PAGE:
Modeling Variation from OCV to AOCV


OCV (On Chip Variation), AOCV (Advanced OCV), POCV (Parametric OCV), SOCV (Statistical OCV), LVF (Liberty Variation Format), CCS (Composite Current Source), NLDM (Non-Linear Delay Model), STA (Static Timing Analysis), VLSI characterization, timing variation model

Variation Models?

There are several models that have attempted to model variation as listed below:

  1. OCV, aka On-Chip Variation
  2. AOCV, aka Advanced On-Chip Variation
  3. SBOCV, aka Stage Based On-Chip Variation (same as AOCV)
  4. LOCV, aka Location On-Chip Variation (Similar to AOCV)
  5. POCV, aka Parametric On-Chip Variation
  6. SOCV, aka Statistical On-Chip Variation (Similar to POCV)
  7. LVF, aka Liberty Variation Format

In this article, we compare and contrast the progress of OCV model to AOCV model syntax.

OCV model is not part of liberty format. OCV Model is set of commands used during static timing analysis, whereas AOCV model is a simple table of derating factors indexed by path depth, which was later subsumed in liberty format. LVF (Liberty Variation Format) Model is part of liberty and is a 2-dimensional table of standard deviation of delay and slope values.

OCV Model

Table below describe OCV model in an easy to read manner.

STA/SDC syntax for OCV

% set_timing_derate -cell_delay -rise -data -early 0.92
% set_timing_derate -cell_delay -rise -data -late 1.10
% set_timing_derate -cell_delay -rise -clock -early 0.95
% set_timing_derate -cell_delay -rise -clock -late 1.06
% set_timing_derate -cell_delay -fall -data -early 0.90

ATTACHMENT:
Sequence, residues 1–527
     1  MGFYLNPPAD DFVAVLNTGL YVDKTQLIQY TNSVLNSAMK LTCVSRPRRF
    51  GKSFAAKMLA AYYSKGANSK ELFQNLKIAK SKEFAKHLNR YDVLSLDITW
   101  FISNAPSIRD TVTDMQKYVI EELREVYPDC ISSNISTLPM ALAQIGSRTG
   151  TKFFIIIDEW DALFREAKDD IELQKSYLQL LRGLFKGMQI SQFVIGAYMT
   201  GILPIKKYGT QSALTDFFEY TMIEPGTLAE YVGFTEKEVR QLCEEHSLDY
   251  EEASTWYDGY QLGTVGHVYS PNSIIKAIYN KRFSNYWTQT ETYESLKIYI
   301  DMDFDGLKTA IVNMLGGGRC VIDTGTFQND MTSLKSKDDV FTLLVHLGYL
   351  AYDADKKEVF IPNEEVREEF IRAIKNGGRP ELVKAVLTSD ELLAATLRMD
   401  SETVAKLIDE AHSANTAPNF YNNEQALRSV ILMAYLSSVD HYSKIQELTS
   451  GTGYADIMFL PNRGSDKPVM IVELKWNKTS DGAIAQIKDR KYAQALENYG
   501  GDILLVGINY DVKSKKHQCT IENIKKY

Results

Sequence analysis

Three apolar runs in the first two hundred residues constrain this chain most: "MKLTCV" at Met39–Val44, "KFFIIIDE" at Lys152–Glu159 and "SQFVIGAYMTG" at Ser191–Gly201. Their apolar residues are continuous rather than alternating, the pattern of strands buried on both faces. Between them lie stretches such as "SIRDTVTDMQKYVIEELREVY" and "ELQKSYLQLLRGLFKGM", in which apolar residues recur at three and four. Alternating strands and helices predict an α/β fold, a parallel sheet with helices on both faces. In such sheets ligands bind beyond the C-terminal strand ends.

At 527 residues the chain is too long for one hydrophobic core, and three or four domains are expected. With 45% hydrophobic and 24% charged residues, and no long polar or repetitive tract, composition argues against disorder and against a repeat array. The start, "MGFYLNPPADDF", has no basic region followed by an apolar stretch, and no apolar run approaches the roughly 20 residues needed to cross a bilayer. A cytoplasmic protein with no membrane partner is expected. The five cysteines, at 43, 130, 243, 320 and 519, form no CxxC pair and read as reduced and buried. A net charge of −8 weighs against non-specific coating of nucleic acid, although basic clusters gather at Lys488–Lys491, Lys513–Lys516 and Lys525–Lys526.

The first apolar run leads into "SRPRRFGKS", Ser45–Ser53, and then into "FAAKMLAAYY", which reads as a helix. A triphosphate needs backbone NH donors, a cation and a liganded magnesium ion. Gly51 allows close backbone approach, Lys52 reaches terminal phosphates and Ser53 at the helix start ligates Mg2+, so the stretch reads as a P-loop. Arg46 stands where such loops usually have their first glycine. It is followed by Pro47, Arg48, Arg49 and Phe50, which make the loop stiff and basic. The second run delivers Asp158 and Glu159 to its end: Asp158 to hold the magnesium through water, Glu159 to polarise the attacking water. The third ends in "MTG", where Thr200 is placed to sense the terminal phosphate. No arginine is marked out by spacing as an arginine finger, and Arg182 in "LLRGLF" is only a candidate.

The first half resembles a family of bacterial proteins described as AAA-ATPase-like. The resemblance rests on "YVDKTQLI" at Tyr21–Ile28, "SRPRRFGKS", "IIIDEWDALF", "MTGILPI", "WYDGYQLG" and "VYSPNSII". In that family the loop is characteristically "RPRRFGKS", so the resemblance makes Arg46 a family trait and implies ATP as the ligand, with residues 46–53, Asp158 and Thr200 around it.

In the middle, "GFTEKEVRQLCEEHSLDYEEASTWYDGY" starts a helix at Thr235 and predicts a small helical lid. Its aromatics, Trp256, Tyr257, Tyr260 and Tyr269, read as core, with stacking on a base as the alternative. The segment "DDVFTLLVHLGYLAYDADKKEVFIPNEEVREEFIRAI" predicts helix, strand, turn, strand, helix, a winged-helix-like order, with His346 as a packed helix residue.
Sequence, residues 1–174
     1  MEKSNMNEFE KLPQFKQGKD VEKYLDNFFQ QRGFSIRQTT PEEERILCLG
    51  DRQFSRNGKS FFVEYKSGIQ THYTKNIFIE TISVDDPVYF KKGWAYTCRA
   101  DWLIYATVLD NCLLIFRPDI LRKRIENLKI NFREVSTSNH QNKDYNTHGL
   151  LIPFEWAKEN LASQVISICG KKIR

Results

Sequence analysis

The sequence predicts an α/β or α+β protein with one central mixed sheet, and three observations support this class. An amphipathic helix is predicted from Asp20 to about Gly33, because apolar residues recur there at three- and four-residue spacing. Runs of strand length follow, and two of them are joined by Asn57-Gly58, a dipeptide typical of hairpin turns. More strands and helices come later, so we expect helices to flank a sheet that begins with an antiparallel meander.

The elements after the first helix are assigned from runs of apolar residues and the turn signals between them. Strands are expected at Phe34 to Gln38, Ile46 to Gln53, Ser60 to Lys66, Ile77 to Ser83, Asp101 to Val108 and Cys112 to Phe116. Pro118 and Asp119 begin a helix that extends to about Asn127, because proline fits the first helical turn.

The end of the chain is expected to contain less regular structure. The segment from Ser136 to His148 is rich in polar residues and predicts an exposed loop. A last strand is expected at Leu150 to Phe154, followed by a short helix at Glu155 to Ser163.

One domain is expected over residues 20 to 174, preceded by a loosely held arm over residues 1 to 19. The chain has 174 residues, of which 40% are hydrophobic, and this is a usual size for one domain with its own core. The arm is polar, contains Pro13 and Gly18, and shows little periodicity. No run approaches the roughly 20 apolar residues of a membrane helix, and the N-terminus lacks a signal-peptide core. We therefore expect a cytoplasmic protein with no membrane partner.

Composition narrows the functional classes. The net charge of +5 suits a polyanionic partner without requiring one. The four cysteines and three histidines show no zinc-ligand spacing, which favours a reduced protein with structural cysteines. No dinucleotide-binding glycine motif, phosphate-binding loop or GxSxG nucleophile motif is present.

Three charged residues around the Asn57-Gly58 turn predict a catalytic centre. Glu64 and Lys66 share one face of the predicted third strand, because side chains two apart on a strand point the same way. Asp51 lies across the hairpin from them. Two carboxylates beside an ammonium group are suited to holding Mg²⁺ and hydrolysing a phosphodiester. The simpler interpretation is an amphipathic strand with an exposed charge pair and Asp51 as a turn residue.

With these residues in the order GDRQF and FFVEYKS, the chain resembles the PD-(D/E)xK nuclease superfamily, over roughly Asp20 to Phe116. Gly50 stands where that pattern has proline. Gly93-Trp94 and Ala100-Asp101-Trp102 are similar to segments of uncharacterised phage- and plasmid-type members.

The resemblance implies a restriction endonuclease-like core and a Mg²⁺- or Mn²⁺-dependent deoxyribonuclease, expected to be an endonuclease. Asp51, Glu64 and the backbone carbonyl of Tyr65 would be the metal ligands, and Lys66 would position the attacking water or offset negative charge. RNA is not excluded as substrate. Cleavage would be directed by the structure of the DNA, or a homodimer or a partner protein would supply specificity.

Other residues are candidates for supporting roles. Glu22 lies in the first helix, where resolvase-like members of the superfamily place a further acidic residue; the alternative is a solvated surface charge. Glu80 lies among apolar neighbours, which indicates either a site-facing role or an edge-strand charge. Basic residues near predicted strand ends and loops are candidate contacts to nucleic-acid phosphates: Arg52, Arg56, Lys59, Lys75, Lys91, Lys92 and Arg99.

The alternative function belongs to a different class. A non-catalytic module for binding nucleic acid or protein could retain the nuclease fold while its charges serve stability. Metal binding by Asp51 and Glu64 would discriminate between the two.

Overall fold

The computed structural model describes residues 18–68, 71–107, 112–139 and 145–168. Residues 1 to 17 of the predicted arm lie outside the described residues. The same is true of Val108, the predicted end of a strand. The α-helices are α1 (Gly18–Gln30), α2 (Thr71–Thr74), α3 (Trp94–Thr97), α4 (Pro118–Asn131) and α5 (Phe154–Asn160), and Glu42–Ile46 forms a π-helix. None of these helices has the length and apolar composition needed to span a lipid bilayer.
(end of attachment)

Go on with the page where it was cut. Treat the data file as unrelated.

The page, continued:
% set_timing_derate -cell_delay -fall -data -late 1.12
% set_timing_derate -cell_delay -fall -clock -early 0.94
% set_timing_derate -cell_delay -fall -clock -late 1.07 

AOCV Model

Liberty IEEE-ISTO (Institute of electrical and electronics engineers – industry standards and technology organization) group did not propose a liberty format for AOCV model until late 2013. The need arose, before model could find a standard format, so it was being generated as a side AOCV file for timing analysis software. This ad-hoc format relied on few keywords to incorporate AOCV model details. These keywords are:

      1. object_type
      2. rf_type
      3. delay_type
      4. path_type
      5. derate_type
      6. depth
      7. table

AOCV Model Syntax

Below is one example of late rise clock derate AOCV table:

object_type : lib_cell
rf_type     : rise
delay_type  : cell
derate_type : late
path_type   : clock
object_spec : 10nmlib/BUF_X4
depth       : 1 2 3 4 5 6 7 8 9 10
table: 1.183 1.145 1.122 1.109 1.0901 1.0801 1.0736 1.0650 1.0601 1.055

Figure: Early and Late Cell Delay Variation in AOCV table

AOCV table above shows keywords and values for rf_type (rise or fall), derate_type (early or late), path (data or clock) and object_type (lib_cell or net). Last two indices depth and table representing stage depth of the path and applicable derate value for the path. Picture below shows early derate and late derate numbers (on y-axix) as a function of no. of stages (on x-axis). Note that both these number tend to converge to 1.0 as number of stages go up. It manifests random variation cancellation with higher number of stages in the path.

Liberty AOCV syntax

Same table has been reproduced as liberty AOCV format below:

library (guna_lib) {
  ocv_table_template(ocv_template) {
    variable_1: path_depth;
    index_1 (“1,2,3,4,5,6,7,8,9,10”);
  ocv_table_template(ocv_template_2D) {
    variable_1: path_depth;
    variable_2: path_distance;
    index_1 (“1,2,3,4,5,6,7,8”);
    index_2 (“1,2,3,4,5,6,7,8”);
  cell (BUFX4) {
    ocv_derate_factors(ocv_template) {
      rf_type: rise;
      derate_type: late;
      path_type: clock;
      values(“1.18, 1.145, 1.12, 1.10 1.10 1.08 1.074 1.065 1.06 1.055”);


In this article, we reviewed syntactical details of OCV and AOCV formats and how they are used in the flow.

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